Click the Save Draft button — when it’s saved, a preview link will appear so you can see how it looks on your site. Edit the post in WordPress.com to make any small tweaks, then hit publish when you’re ready to go live!
You can find the source code on GitHub if you want to take a closer look at how things work. And, of course, this post was composed in Google Docs and posted with the WordPress.com Add-on for Google Docs.
Sometimes it’s the little things that count — especially when it comes to your stats. We’ve recently gathered some of your feedback and used it to work through a few renovations. Let’s take a quick tour!
Today First: Many of you wanted to make today’s stats a priority, with easy access to yesterday’s stats as well. So now when you visit a site’s stats, you’ll see the Days view first, with data displayed for the last 30 days. A quick click on the arrow will take you to yesterday’s stats, or you can click on any bar to view full stats for that day.
See More Information at Once: If you use a wide screen, you’ll notice we’ve widened the display area and included three columns of statistics. Smaller screens still display one or two columns — whatever fits your device best.
Many of you wanted to be able to see more weeks and months worth of data at once, too. Now our Weeks view displays up to 30 weeks if that data is available. Similarly, the Months view displays data up to 30 months.
More Summaries: Want to see your all-time top posts? Are you curious how many visits your site has had from different countries? If a stat has an arrow by its title, you can click that for summaries of various periods, including a new All Time tab.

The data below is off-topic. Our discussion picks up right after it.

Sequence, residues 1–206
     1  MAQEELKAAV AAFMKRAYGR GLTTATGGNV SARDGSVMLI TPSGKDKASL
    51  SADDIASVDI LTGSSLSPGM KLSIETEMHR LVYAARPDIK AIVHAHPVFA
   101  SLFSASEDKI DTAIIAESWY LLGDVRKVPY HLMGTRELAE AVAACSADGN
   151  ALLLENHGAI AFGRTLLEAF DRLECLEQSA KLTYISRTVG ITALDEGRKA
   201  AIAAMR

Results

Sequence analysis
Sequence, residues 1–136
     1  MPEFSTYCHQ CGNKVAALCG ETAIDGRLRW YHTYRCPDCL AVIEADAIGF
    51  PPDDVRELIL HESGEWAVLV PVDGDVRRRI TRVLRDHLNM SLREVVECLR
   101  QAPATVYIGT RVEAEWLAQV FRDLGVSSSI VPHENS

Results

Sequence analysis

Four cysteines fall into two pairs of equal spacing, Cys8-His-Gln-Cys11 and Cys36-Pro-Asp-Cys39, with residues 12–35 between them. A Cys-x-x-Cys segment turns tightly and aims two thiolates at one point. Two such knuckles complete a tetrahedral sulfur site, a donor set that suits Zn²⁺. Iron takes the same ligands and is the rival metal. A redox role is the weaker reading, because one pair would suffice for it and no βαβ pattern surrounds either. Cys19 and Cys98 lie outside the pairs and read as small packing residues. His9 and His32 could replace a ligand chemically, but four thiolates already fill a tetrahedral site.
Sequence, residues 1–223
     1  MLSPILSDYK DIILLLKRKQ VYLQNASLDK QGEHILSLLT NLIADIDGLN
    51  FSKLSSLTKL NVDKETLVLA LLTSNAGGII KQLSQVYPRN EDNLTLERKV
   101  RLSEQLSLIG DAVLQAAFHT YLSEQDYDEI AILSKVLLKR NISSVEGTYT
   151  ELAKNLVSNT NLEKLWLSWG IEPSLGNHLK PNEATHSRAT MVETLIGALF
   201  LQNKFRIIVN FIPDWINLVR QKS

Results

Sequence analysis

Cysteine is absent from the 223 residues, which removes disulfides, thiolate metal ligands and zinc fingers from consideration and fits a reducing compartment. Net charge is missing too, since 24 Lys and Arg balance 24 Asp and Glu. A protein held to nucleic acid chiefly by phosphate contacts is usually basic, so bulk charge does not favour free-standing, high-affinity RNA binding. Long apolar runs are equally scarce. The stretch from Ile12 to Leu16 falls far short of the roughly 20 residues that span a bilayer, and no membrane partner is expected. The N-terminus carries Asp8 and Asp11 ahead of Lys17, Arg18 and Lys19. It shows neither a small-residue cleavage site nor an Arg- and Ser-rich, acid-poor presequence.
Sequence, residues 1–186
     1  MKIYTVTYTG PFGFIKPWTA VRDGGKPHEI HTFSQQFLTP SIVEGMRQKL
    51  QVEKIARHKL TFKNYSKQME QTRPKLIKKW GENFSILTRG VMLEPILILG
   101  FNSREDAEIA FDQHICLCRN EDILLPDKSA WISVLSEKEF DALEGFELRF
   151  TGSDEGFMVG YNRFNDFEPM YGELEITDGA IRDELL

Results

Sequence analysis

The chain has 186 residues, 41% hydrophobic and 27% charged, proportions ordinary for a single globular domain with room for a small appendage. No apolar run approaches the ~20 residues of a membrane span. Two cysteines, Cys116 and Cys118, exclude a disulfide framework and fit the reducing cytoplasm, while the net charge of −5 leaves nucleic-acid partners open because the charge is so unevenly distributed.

Click on an individual post title to view its summary as well, including a list of likes. Want to see what that post looks like on different devices? Click the view icon to see previews. We’ve even included an edit link in case you need to update anything.
More Insights: To find some detailed all-time data for the whole site, click on Insights. You’ll find a summary table that shows your views per month since your site began.
Click Average per Day to find the average clicks per day in each of those months. And if you’d like to drill deeper to a specific month? Just click on it and you’ll be on the Months tab again, with all of the data for that month.
Follower Totals: You can now see your WordPress.com Reader followers, email followers, and totals for your social followers in one glance. It’s all on your Insights page, and we’ve included links for easy access to more details.
A Few More Updates: We’ve added a Last Updated Timestamp so you can see when our stats last ran. We’ve added a mini stats sparkline to your My Sites toolbar. And for those who want to analyze their data further, we’ve added more Download CSV options.
Thank You! To those who provided feedback, as well as to the developers and designers who worked through iterations, thank you. We hope these small changes add up to a great experience for you, because you’re more than just a number to us.
This Theme Thursday, I’m happy to share Lodestar, our new free theme!
Designed by Mel Choyce, Lodestar is perfect for your small business or organization’s website.
The theme allows you to create a one-page website, showcasing all your company’s information in one spot, interspersed with full-sized featured images.
Or you can use Lodestar to make a beautiful, multi-page website. The theme’s portfolio support allows you to display your past work to prospective clients. You can also post testimonials, sharing how happy past clients are with your creations.
Learn more about Lodestar by checking out the theme’s showcase.
With the recent news about Medium’s change in business model we’ve been receiving a number of requests from users on how to import their content to a WordPress.com site. We’re excited today to share our new import tool for moving from Medium to WordPress.com.
Medium Import Instructions
First, visit the Medium settings page, scroll down to Export Content, and select Download .zip to start the export process from Medium. You should receive an email from Medium with an export of your posts in an archive .zip file.
Next, head over to the import tool on WordPress.com and click Start Import in the Medium row: